Naaman, commander of the army of the king of Aram, was a great man and in high favor with his master, because by him the Lord had given victory to Aram. The man, though a mighty warrior, suffered from leprosy. Now the Arameans on one of their raids had taken a young girl captive from the land of Israel, and she served Naaman’s wife. She said to her mistress, ‘If only my lord were with the prophet who is in Samaria! He would cure him of his leprosy.’ So Naaman went in and told his lord just what the girl from the land of Israel had said. And the king of Aram said, ‘Go then, and I will send along a letter to the king of Israel.’
He went, taking with him ten talents of silver, six thousand shekels of gold, and ten sets of garments. He brought the letter to the king of Israel, which read, ‘When this letter reaches you, know that I have sent to you my servant Naaman, that you may cure him of his leprosy.’ When the king of Israel read the letter, he tore his clothes and said, ‘Am I God, to give death or life, that this man sends word to me to cure a man of his leprosy? Just look and see how he is trying to pick a quarrel with me.’
But when Elisha the man of God heard that the king of Israel had torn his clothes, he sent a message to the king, ‘Why have you torn your clothes? Let him come to me, that he may learn that there is a prophet in Israel.’ So Naaman came with his horses and chariots, and halted at the entrance of Elisha’s house. Elisha sent a messenger to him, saying, ‘Go, wash in the Jordan seven times, and your flesh shall be restored and you shall be clean.’ But Naaman became angry and went away, saying, ‘I thought that for me he would surely come out, and stand and call on the name of the Lord his God, and would wave his hand over the spot, and cure the leprosy! Are not Abana and Pharpar, the rivers of Damascus, better than all the waters of Israel? Could I not wash in them, and be clean?’ He turned and went away in a rage. But his servants approached and said to him, ‘Father, if the prophet had commanded you to do something difficult, would you not have done it? How much more, when all he said to you was, “Wash, and be clean”?’ So he went down and immersed himself seven times in the Jordan, according to the word of the man of God; his flesh was restored like the flesh of a young boy, and he was clean.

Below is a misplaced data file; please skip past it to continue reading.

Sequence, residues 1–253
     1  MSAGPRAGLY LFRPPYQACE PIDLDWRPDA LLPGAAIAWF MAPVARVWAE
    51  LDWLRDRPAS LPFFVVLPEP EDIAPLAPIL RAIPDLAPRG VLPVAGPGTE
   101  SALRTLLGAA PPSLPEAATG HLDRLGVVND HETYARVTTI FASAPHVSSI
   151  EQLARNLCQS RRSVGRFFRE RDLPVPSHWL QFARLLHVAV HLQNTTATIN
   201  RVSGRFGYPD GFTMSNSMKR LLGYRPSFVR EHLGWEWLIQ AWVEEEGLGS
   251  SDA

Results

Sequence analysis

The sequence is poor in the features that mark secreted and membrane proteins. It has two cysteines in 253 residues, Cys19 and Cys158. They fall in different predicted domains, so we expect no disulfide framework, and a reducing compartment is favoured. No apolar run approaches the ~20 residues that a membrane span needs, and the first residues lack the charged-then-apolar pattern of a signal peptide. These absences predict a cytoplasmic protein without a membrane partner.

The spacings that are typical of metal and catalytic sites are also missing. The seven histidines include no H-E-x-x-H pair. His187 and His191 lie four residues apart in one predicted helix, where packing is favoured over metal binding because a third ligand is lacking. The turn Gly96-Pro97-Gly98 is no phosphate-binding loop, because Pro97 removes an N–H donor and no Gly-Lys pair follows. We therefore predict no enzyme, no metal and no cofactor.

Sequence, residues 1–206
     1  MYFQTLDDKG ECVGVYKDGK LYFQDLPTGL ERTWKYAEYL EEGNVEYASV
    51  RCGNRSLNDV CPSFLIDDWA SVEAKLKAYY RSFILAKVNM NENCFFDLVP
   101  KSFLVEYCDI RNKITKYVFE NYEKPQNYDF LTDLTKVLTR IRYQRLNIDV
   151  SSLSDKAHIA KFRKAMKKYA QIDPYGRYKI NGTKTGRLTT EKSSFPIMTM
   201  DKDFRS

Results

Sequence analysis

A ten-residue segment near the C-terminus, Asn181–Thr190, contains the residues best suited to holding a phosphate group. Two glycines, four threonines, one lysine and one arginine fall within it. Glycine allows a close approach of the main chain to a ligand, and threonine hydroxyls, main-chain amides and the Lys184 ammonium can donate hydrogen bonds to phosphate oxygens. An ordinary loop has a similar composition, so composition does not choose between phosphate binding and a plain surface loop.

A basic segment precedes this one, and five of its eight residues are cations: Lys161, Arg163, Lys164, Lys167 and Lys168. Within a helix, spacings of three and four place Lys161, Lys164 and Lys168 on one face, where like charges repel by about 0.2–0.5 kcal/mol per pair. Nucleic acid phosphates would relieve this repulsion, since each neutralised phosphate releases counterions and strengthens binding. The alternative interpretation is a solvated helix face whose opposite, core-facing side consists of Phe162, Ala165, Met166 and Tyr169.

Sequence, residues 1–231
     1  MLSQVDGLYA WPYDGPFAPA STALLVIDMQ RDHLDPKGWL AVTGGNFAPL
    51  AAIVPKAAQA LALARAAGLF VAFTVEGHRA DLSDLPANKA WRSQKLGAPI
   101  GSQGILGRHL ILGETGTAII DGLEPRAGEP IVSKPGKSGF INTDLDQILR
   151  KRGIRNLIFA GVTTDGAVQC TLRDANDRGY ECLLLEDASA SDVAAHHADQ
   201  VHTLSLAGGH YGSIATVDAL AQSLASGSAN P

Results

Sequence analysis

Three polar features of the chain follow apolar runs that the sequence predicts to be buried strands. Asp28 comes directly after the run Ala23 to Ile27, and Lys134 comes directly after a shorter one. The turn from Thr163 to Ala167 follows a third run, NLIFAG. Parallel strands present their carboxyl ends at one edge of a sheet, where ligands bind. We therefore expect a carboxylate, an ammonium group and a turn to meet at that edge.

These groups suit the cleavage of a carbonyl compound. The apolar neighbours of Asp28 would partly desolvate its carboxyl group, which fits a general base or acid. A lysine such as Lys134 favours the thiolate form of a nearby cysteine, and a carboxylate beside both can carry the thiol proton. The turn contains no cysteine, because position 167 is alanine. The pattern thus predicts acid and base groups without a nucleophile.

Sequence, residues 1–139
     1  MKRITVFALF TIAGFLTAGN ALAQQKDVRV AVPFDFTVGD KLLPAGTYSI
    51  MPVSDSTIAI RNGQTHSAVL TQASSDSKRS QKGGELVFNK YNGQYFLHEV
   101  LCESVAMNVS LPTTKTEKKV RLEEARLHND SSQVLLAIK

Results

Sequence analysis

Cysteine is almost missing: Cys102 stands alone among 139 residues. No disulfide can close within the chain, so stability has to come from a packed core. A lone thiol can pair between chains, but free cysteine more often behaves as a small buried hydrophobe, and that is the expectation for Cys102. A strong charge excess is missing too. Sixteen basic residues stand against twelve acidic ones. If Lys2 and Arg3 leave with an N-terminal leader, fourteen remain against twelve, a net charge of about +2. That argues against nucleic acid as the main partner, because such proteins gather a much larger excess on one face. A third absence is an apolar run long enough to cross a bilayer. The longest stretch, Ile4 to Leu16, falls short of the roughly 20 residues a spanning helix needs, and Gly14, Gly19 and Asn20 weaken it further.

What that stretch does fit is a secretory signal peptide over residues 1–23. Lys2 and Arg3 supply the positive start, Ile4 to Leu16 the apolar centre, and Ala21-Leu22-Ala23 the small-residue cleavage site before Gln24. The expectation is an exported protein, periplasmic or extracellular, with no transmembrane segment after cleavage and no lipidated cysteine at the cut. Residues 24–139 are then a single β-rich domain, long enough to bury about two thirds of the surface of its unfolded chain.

Then he returned to the man of God, he and all his company; he came and stood before him and said, ‘Now I know that there is no God in all the earth except in Israel.’
New Revised Standard Version, copyright 1989, by the National Council of the Churches of Christ in the United States of America. Used by permission. All rights reserved. USCCB approved.
Naaman’s story is so human. He is a man who wants to be healed, has some societal power, and uses what he has. The surprise comes when he is healed in a way far too simple than he believes he might demand. Really, that’s all I have to do?
As lent continues to move, people find themselves very proud for accomplishing the great lenten tasks they set, or terribly disappointed in their inability to be disciplined enough to accomplish the tasks.
Our first reading today invites satisfaction and grateful response for what has been accomplished, and encouragement to continue to grow through the simple things as well.
St. Ignatius of Loyola invites a conversation with the Lord, who is on the cross…. “What have I done for Christ? What am I doing for Christ? What ought I do for Christ?” This conversation emerges from our encounter with Christ, suggesting an openness to whatever may come. Celebrate the daily connection with the desire to encounter.
Naaman is healed because he is encouraged to believe in the little things. What are the little things that help your faith? May you grow in the little things this lent.
—Fr. Kevin Schneider, SJ is the director of adult spirituality programs at Creighton Prep.
Under a leaf, in a snowflake, In a blade of grass, in a raindrop, All parts of nature. In your parents’ loving embrace, In the phone call from your grandparents, All family relationships. In working and sharing with others, In helping the unfortunate, All volunteering jobs. Where are you able to find God? Lord, help me to find you in all ways and walks of life. Amen.
—Jared Kiley, St. Xavier High School, Cincinnati, Ohio